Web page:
Wednesday 11 May 2016

Chuck A Book with Oskar Jensen

I'm so pleased to welcome Piccadilly Press author, Oskar Jensen, onto the blog to take part in Chuck A Book. Oskar is the author of The Stones of Winter,  the first in a Viking series, in 2015. KM Lockwood reviewed it here.  The second book in the series, The Wild Hunt, was published in April of this year.
1) The best book you have ever read
Oh, too, too easy! Growth of the Soil by Knut Hamsun. Being a pretentious, highbrow, European type, many of my most loved books are continental; my favourite by an English writer has to be Forster’s Howard’s End. Hamsun is best known in England for Hunger, another great book, but for me Growth of the Soil is his masterpiece (and the Nobel Prize committee agreed . . . ) Really it defies description but at its heart is the story of Isak and his family, simple Norwegian farmers, an epic in miniature. At times hilarious, heart-breaking, and mysterious, it surprised me most by having such a life-affirming ending. A staggeringly beautiful book. 
2) A book you loved from your childhood
King Tulle: The Founding of Tulaborg by Irmelin Sandman Lilius. A Finnish writer this time, sorry. She wrote an awful lot of books about a small fictional town, Tulaborg, and only a handful were ever translated into English. This one is luminous, elegant, touching, with a wry sense of humour and a skilful, lyrical handling of fantasy and myth. A youngest brother is exiled with only a few goats to his name, and goes on to found a kingdom with help from his old nurse (a bit of a troll) and his eventual wife – who is a very foxy lady in a surprisingly literal sense. I wish more people would seek this one out.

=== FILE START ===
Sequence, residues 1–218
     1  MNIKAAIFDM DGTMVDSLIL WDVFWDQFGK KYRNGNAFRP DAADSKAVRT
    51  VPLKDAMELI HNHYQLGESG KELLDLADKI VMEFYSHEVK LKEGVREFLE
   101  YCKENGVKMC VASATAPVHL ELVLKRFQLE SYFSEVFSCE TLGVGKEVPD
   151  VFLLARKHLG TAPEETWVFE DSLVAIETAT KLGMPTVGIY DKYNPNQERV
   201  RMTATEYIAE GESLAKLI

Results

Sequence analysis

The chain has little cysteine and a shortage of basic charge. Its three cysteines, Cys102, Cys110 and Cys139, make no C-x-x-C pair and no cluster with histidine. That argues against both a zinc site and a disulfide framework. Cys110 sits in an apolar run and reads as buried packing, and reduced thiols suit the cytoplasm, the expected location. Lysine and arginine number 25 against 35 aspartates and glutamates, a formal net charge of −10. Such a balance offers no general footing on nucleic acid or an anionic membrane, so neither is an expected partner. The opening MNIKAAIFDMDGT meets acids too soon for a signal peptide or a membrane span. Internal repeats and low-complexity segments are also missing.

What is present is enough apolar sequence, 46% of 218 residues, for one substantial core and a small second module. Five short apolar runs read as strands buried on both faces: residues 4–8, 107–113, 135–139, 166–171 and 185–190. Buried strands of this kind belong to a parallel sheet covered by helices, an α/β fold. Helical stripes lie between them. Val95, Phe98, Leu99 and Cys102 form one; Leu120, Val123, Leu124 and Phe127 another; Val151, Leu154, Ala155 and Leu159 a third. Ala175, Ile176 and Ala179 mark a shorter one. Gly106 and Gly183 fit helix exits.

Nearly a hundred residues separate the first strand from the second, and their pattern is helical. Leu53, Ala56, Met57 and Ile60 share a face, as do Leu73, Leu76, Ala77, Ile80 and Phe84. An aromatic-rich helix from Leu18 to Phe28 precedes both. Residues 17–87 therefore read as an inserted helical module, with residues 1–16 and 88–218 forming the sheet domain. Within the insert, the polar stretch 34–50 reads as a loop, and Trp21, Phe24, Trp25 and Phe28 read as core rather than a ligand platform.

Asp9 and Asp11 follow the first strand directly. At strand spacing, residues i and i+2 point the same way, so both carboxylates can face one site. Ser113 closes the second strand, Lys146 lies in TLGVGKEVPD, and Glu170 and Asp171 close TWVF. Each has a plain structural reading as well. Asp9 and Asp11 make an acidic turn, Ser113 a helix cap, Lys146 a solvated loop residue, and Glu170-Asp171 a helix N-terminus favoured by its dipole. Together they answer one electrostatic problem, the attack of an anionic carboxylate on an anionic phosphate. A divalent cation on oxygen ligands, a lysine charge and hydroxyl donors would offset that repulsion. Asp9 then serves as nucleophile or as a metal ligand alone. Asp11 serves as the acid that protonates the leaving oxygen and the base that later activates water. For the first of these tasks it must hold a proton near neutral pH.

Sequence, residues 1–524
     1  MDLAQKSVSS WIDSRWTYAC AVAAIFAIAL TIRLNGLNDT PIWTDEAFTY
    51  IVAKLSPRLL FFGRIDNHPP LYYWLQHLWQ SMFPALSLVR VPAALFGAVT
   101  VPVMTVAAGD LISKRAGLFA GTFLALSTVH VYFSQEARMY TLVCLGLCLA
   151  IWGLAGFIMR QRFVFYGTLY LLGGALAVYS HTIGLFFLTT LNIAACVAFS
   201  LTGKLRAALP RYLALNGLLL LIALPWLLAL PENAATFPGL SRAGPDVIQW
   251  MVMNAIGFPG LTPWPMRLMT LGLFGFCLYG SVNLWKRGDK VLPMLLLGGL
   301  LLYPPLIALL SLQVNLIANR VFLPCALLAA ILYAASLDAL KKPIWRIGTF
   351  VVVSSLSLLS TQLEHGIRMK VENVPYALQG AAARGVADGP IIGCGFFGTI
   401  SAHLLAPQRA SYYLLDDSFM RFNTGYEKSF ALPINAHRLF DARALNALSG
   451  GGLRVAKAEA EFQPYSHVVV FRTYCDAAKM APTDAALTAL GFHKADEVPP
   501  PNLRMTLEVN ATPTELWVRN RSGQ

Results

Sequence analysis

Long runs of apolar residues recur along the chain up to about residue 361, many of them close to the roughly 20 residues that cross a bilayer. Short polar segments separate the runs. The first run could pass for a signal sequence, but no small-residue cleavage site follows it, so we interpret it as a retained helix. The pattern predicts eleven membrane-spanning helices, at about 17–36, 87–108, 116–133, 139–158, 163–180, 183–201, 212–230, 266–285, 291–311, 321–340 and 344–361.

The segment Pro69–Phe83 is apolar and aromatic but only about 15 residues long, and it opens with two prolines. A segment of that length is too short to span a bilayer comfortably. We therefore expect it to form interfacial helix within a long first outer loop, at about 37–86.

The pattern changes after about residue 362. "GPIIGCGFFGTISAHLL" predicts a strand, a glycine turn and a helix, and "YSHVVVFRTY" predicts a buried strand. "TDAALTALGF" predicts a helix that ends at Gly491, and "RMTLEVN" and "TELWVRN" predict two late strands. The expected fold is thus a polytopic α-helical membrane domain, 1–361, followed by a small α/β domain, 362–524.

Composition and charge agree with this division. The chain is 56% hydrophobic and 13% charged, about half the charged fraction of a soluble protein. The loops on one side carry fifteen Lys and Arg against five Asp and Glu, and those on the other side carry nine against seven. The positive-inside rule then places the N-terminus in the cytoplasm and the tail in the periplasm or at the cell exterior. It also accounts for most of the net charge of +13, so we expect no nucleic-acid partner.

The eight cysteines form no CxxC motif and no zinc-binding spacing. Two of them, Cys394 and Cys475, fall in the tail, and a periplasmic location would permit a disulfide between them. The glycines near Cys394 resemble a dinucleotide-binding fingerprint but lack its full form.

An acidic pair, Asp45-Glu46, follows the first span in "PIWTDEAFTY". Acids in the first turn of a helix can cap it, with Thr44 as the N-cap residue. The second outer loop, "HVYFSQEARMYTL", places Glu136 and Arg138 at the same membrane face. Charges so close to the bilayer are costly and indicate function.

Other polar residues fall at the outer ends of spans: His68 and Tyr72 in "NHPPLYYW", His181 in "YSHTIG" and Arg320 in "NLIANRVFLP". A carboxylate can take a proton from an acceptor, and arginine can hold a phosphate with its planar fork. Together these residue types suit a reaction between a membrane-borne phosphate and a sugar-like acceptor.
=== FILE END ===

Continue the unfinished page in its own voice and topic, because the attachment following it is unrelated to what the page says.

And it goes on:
3) A book that made you laugh
William the Conqueror by Richmal Crompton. Wodehouse will always be the master of impeccable comic writing, but Crompton’s Just William books run him close. Like the writers at Dreamworks or Pixar, she knew how to write simultaneously for adults and children: there is great social satire here. But mostly William is about perfect plotting and outrageous situations, presented in prose that never underestimates its youngest readers. I’ve chosen this collection because it has two of my favourite stories in, ‘The Leopard Hunter’ and ‘William and the Lost Tourist’, both of which are on the Martin Jarvis audiobook Just William Two. The voices get me every time . . .
4) A book you could not finish
Huckleberry Finn by Mark Twain. I was eight years old when I made this incredible discovery: just because you begin a book doesn’t mean you have to finish it. Seriously, why struggle on with something that’s no fun? It’s not like you’re ever going to run out of books to read. I’m sure this is a great classic and I should probably give it another go, but it irritated the hell out of me then – so I stopped. Such a liberating feeling. The same with John Masefield (which is apparently heresy among some children’s authors) and, most recently, Erin Morgenstern’s The Night Circus. I had heard so much and was so excited about that book, and I love Angela Carter so it seemed like a sure thing – and, in the spirit of this question, I will stop there, before I offend anybody!